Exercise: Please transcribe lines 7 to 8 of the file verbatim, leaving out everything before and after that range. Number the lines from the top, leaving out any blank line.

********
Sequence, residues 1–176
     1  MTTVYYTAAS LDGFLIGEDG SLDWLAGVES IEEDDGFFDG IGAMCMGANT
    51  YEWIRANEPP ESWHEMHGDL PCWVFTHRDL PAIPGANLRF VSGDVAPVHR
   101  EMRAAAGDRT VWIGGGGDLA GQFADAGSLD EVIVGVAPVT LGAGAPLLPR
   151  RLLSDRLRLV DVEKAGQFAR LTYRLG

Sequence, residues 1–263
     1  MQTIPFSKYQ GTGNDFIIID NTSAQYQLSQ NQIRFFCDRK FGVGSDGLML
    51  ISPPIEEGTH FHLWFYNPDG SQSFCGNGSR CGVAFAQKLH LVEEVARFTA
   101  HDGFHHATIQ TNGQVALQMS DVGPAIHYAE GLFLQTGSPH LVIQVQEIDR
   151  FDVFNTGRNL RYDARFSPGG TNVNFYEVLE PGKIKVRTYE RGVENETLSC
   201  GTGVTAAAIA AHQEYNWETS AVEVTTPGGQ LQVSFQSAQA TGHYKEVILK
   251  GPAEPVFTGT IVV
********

     1  MQTIPFSKYQ GTGNDFIIID NTSAQYQLSQ NQIRFFCDRK FGVGSDGLML
    51  ISPPIEEGTH FHLWFYNPDG SQSFCGNGSR CGVAFAQKLH LVEEVARFTA